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When it jiggles like jello it’s done

Inspiration Delivered for Weise Farms Wagyu beef BBQ Brisket.

This is Texas.

In Texas, everyone loves a good BBQ brisket. And if you want to jump up your BBQ game to a whole new level, try Wagyu brisket. It’s the brisket of choice for many BBQ competition teams.

According to my daughter, Whitney Faske, “Trim off the bottom of the brisket really well. There should be no fat on the bottom, and get the top layer as thin as you can. Indirect heat is key, with clean smoke. When it jiggles like jello it’s done” Whitney loves the art of low & slow BBQing, and is part of a cookoff team at the Lee County Fair each May. Whitney advises that cooking times for Wagyu brisket are much shorter than regular briskets.

Wagyu brisket is prepared just like any other brisket, with dry rub the night before, allowing those seasonings to pull in. When the brisket goes on the pit, you want to cook it over indirect heat. After the brisket reaches an internal temperature of 175, wrap the brisket in butcher paper or foil for about an hour in the pit until the internal temperature reaches 185.

Shorter cooking times are actually necessary with Wagyu because of the marbling and inter-muscular fat, as it basically cooks itself from the inside out.

Tim and I did our first Wagyu brisket on our Big Joe Kamado all night long, low and slow. We wrapped it in the morning, and rested it for 3 hours. When we tried to cut it, it fell apart. It was delicious, but since our goal was not to serve “pulled beef” we knew there was room for improvement.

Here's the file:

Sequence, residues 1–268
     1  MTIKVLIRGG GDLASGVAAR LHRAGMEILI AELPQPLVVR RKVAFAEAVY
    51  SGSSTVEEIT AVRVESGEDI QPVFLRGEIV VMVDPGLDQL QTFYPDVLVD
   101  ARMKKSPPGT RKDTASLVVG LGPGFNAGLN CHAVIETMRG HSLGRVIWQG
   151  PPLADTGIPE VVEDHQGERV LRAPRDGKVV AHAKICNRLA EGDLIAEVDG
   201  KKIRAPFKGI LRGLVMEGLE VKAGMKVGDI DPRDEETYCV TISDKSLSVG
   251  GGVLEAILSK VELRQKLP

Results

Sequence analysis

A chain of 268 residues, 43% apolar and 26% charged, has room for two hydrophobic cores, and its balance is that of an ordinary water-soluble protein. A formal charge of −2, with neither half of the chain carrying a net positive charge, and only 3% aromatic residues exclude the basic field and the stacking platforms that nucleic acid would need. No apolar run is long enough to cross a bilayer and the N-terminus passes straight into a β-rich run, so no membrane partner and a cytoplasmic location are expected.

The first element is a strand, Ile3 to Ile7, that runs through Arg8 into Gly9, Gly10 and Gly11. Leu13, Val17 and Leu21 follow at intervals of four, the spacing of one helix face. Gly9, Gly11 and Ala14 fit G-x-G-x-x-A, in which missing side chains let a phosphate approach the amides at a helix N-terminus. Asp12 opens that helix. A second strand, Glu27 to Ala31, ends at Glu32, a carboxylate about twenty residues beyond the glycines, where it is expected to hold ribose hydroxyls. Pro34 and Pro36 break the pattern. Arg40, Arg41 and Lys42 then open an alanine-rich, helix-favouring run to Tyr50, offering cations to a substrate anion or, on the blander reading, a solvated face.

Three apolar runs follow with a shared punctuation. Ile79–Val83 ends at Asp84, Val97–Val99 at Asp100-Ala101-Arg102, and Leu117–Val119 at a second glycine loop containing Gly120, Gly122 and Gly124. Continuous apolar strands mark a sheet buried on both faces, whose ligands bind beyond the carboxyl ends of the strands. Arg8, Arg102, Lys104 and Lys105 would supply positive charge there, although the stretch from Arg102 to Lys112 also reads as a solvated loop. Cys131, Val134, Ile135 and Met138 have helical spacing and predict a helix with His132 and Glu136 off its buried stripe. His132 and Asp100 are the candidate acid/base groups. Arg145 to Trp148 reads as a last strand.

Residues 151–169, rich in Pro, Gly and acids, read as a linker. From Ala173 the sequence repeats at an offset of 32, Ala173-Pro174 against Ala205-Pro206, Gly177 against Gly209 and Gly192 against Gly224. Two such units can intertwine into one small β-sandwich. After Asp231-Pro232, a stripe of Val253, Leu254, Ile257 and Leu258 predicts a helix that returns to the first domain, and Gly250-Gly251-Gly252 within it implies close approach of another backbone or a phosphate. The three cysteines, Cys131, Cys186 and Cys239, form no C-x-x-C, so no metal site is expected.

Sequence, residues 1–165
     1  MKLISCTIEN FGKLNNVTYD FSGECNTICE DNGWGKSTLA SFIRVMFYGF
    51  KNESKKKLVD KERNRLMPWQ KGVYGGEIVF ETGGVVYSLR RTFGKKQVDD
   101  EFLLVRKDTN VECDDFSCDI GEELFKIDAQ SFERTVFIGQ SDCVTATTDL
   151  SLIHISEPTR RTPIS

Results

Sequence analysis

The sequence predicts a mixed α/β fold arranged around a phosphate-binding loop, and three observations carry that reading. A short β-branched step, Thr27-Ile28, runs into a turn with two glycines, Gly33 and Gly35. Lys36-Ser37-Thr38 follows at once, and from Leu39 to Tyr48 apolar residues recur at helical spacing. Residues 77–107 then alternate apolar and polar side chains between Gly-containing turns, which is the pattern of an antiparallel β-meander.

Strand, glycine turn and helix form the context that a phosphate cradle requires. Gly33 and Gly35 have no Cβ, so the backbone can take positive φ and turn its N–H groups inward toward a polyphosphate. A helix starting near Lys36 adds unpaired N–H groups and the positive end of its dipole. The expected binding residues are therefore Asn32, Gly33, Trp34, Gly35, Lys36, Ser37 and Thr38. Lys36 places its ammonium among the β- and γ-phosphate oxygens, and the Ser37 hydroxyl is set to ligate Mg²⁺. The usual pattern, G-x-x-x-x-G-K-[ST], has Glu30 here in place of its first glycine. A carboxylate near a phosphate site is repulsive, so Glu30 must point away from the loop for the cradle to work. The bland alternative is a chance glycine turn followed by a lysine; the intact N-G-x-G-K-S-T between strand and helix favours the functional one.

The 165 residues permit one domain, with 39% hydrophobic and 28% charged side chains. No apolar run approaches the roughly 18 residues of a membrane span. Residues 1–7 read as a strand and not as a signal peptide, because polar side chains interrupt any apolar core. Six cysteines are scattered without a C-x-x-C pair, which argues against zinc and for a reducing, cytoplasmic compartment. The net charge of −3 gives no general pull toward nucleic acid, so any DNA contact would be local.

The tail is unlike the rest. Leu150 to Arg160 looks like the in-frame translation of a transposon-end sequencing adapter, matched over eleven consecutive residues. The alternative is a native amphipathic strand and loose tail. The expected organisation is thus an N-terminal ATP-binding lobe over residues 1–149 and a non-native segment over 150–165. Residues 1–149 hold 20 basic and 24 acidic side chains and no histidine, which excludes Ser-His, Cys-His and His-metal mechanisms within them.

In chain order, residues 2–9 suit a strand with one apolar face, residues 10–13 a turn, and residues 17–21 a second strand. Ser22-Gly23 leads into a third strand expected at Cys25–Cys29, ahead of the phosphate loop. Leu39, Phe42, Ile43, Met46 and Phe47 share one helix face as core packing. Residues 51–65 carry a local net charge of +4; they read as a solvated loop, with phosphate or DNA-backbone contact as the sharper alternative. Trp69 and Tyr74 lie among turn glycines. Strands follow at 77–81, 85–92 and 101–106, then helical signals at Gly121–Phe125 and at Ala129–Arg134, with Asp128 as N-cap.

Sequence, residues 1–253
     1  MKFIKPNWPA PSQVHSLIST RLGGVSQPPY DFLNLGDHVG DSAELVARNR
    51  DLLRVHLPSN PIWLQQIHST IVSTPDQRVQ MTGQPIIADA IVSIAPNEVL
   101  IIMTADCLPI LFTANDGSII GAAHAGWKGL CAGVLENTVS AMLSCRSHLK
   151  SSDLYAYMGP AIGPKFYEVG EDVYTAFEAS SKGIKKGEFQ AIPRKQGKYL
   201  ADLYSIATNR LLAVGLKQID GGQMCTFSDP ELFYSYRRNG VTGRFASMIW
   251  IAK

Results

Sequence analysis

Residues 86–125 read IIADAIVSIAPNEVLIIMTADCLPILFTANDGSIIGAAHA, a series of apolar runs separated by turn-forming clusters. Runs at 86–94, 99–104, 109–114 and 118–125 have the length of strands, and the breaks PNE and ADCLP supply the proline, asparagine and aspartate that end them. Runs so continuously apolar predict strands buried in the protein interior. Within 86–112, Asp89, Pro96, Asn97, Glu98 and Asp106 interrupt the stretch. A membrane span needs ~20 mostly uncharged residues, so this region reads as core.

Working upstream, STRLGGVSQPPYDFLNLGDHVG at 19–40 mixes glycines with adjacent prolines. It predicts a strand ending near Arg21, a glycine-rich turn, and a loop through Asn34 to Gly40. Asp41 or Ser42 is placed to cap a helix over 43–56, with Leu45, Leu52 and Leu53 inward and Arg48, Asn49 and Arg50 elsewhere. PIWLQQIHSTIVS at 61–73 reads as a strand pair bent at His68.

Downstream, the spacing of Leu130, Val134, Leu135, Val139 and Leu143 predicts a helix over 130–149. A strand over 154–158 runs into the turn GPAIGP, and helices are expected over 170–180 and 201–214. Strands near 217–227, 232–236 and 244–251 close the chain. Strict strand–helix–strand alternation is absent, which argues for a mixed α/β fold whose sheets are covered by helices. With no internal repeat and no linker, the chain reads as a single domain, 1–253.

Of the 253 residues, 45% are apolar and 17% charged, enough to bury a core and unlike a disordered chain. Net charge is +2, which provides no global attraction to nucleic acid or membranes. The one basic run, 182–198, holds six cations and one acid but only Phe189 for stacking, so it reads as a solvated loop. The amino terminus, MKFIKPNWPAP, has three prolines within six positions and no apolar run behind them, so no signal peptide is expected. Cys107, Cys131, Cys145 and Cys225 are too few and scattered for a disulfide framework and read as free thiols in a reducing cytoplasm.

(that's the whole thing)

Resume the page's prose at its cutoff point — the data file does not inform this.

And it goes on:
Special occasions are a great excuse to BBQ. One of my co-workers, Andy Behlen, volunteered to BBQ one of our Wagyu briskets for The Fayette County Record 101 Birthday party. He reduced the cooking time, but even so, it was hard to slice without falling apart. No one complained because it was awesome. And not one piece was left.

Last week, Tim and I were honored to use one of our Wagyu briskets at a housewarming party for our cousins, Lorie & Doug Lehmann. Doug put the brisket on his Traeger grill. It was tender, juicy and delicious, and it didn’t fall apart.

Doug said “The best advice I have is to cook it the same as any other brisket. I use dry seasoning, some seasoned salt, regular salt, black pepper, chili powder, paprika, and garlic. Let it absorb for at least 12 hours. I cooked the brisket for 1 hour at 300 degrees then at 275 for 5 hours or until internal temp reached 175. Wrap in foil or butcher paper for a minimum of 1 hour while resting in a warm area of the pit or in the oven.”

Let us know how you do Wagyu beef brisket. We’d love to hear any tips and tricks you have learned along the way. Be sure to leave us a comment and thank you for reading our blog.

If you enjoy reading about life on the farm in our blog "A Tale of Two Weises," please share it on your social media pages and subscribe. We really appreciate it as we are trying to grow our farm as a local food supplier.


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